When VCE is increased above 0 V, the LC increases rapidly to a saturation value almost independent of IB (Ohmic region, OA) called knee voltage. Transistors are always operated above this knee voltage.

### (ii) Cut-off region

A small collector current (IC) exists even after the base current (IB ) is reduced to zero. This current is due to the presence of minority carriers across the collector-base junction and the surface leakage current (ICEO). This region is called as the cut-off region, because the main collector current is cut-off.

### (iii) Active region

In this region, the emitter-base junction is forward biased and the collector-base junction is reverse biased. The transistor in this region can be used for voltage, current and power amplification.

### (iv) Breakdown region

If the collector-emitter voltage (VCE ) is increased beyond the rated value given by the manufacturer, the collector current (IC ) increases enormously leading to the junction breakdown of the transistor. This avalanche breakdown can damage the transistor.

### Output impedance

The ratio of the change in the collector-emitter voltage (ŌłåVCE ) to the corresponding change in the collector current (Ōłå IC ) at constant base current (IB) is called output impedance (rO). The output impedance for transistor in common emitter configuration is very low.

## 3. Current transfer characteristics

This gives the variation of collector current (IC) with changes in base current (IB ) at constant collector-emitter voltage (VCE ) as shown in Figure 9.33. It is seen that a small IC flows even when IB is zero. This current is called the common emitter leakage current (ICEO ), which is due to the flow of minority charge carriers.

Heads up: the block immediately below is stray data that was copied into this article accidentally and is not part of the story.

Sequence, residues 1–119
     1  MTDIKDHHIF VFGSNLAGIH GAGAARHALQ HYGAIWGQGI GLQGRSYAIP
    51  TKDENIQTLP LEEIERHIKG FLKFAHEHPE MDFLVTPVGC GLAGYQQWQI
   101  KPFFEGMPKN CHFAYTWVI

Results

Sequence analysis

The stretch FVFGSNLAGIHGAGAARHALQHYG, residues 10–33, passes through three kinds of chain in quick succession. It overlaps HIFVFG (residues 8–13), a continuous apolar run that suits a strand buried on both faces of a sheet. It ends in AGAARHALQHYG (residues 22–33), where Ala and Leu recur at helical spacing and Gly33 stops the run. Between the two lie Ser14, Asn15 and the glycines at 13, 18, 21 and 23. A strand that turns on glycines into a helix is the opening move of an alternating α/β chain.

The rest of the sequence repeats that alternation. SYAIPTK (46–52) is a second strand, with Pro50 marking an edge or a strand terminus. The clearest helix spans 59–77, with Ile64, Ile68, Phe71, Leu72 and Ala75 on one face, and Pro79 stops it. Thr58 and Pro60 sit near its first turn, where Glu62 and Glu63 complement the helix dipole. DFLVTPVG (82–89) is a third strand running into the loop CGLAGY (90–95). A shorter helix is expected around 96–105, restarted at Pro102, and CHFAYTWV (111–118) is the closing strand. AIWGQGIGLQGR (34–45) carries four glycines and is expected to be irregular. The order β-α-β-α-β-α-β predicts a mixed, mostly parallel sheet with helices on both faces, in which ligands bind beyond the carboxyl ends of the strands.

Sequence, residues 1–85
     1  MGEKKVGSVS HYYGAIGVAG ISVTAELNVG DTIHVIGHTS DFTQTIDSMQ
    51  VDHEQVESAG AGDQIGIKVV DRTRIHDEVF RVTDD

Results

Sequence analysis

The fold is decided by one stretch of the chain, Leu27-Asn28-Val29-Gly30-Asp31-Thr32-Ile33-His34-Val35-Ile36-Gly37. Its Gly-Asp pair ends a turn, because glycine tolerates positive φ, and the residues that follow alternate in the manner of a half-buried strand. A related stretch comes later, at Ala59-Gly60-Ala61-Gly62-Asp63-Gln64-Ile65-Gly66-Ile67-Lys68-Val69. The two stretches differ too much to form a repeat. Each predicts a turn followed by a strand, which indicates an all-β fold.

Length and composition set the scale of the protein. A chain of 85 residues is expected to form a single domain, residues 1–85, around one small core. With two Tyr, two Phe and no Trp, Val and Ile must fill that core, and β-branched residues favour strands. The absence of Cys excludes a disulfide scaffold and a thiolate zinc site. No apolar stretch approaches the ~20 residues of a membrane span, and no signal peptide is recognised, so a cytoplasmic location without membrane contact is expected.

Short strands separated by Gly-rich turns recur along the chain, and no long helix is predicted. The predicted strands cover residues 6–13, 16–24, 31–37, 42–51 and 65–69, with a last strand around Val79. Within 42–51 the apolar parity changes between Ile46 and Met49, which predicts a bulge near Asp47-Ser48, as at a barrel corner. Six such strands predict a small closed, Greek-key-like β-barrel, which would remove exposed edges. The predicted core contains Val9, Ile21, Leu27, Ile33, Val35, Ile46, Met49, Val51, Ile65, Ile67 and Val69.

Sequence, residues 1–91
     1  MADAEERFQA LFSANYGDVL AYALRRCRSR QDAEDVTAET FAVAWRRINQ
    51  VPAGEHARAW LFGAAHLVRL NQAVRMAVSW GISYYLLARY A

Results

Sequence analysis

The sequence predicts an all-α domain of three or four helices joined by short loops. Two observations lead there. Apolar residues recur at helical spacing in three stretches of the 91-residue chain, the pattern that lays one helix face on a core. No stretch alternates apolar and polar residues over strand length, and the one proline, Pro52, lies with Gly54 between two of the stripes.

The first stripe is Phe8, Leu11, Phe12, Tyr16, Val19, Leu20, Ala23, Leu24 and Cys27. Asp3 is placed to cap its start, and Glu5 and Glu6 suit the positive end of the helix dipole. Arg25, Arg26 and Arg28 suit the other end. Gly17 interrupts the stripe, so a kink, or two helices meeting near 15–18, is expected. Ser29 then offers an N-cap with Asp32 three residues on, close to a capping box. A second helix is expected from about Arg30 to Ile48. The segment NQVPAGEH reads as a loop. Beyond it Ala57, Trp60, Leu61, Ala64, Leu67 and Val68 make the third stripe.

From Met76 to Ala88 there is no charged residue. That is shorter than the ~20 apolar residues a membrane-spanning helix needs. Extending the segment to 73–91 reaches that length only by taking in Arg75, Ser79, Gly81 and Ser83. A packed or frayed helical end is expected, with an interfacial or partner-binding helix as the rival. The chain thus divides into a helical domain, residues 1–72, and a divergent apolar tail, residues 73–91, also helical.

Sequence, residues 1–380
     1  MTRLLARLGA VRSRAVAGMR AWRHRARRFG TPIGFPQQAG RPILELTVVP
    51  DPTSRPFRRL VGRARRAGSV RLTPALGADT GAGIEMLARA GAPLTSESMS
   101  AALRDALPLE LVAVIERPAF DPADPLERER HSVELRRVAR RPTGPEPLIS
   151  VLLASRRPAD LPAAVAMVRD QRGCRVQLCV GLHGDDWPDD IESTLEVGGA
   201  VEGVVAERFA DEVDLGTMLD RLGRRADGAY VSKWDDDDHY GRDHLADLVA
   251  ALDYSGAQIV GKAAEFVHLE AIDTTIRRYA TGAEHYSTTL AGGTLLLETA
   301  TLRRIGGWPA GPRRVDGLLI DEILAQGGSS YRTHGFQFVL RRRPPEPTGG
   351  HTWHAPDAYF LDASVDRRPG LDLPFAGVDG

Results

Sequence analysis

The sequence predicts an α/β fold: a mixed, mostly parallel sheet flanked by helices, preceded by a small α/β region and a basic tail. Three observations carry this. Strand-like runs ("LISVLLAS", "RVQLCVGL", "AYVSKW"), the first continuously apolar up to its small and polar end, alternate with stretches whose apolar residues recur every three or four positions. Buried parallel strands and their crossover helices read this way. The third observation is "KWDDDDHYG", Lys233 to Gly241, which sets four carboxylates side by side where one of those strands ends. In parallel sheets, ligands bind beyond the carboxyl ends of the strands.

### Forward current gain

The ratio of the change in collector current (ŌłåIC ) to the change in base current (ŌłåIB ) at constant collector-emitter voltage (VCE) is called forward current gain (╬▓). Its value is very high and it generally ranges from 50 to 200. It depends on the construction of the transistor and will be provided by the manufacturer. There are transistors with ╬▓ as high as 1000 as well. ### Relation between ╬▒ and ╬▓

There is a relation between current gain in the common base configuration ╬▒ and current gain in the common emitter configuration ╬▓ which is given below.

╬▒ = ╬▓ / 1+ ╬▓

(or) ╬▓ = ╬▒ / 1 - ╬▒ EXAMPLE 9. 6

The output characteristics of a transistor connected in common emitter mode is shown in the figure. Determine the value of IC when VCE = 15 V. Also determine the value of IC when VCE is changed to 10 V. When VCE = 15 V, IC = 1.5 ╬╝A

When VCE is changed to 10 V,  IC = 1.4 ╬╝A

The collector current is independent of the collector- emitter voltage in the active region.

EXAMPLE 9.7

In the circuit shown in the figure, the input voltage Vi is 20 V, VBE = 0 V and VCE = 0 V. What are the values of IB , IC , ╬▓? Tags : Bipolar Junction Transistor [BJT] , 12th Physics : UNIT 10a : Semiconductor Electronics
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12th Physics : UNIT 10a : Semiconductor Electronics : Static Characteristics of Transistor in Common Emitter Mode | Bipolar Junction Transistor [BJT]